What, then, was a "second or successive petition" under Rule 9(b)? The rule's structure implies that a proceeding should be treated as an initial filing even if it does not end in decision on the merits; why else refer to a "second or successive petition . . . [when the] prior determination was on the merits"? If lack of a "merits" determination meant that the initial application did not count as the first petition, then it would not be possible to refer to the next one as a "second or successive petition". Every day courts enter orders that have strong legal effects even though they do not address the merits of the parties' controversy. Suppose a civil action is commenced but dismissed for want of prosecution or failure to cooperate in discovery; although the court never reaches "the merits," the dismissal will preclude a second filing. Kimmel v. Texas Commerce Bank, 817 F.2d 39 (7th Cir. 1987). Or suppose the plaintiff in a civil case dismisses the suit under Fed. R. Civ. P. 41(a)(1). If dismissal precedes service of process, the plaintiff is free to refile; but if the step comes later, or is repeated, then the voluntary dismissal can preclude further litigation. No legally sophisticated person would say that the second complaint was not really a "second or successive" one, and that doctrines of preclusion did not apply, just because the first one ended short of a decision on the merits. So too, we think, with petitions for writs of habeas corpus.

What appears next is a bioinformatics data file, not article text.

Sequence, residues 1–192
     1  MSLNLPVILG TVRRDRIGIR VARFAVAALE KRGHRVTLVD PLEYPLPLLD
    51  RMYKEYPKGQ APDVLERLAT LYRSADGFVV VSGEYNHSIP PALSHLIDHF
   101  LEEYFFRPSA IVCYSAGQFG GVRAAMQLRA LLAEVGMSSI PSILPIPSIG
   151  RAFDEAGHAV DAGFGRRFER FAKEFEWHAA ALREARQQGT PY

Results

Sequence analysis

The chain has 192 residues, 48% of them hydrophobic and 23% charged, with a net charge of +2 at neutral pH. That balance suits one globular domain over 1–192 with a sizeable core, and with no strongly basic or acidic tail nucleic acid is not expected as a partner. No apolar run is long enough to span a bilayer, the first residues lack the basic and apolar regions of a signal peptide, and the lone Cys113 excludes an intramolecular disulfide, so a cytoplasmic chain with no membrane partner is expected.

Although a decision on the merits therefore is not essential to the existence of a first or initial petition, some deficient petitions were not treated as initial applications for purposes of Rule 9(b). When, for example, a petition was dismissed for failure to exhaust state remedies, no court treated the renewal of the claim after exhaustion as a second petition. See, e.g., Hamilton v. Vasquez, 882 F.2d 1469, 1473 (9th Cir. 1989); Jones v. Estelle, 722 F.2d 159, 168 (5th Cir. 1983) (en banc). The sequence of filing, dismissal, exhaustion in state court, and refiling in federal court might generate multiple docket numbers, but it would not be right to characterize it as successive collateral attacks. The prisoner launched a single campaign; that skirmishes were spread across several years and two forums would not make it apt to call any of the steps a "successive" collateral attack. It is one challenge with multiple stages. We agree with Hamilton and Jones-- and with the holding of Camarano that the principle is equally applicable under sec. 2244(b). For the same reasons, the filing and rejection of a petition as unintelligible or poorly developed does not make the filing of an enlarged specification a "second or successive" petition; it is better to think of the process as one of filing, rejection, and amendment. See Dellenbach v. Hanks, 76 F.3d 820 (7th Cir. 1996); Whitlock v. Godinez, 51 F.3d 59 (7th Cir. 1995). Questions of characterization may prove complex--was the petition really "returned" on pleading grounds (see Rule 2(e) of the sec. 2254 Rules), or was it dismissed as substantively frivolous? That difference is grave under sec. 2244(b), but it also mattered under Rule 9(b), and we cannot see any reason to change the fundamental nature of the inquiry when the statutory terminology has remained constant.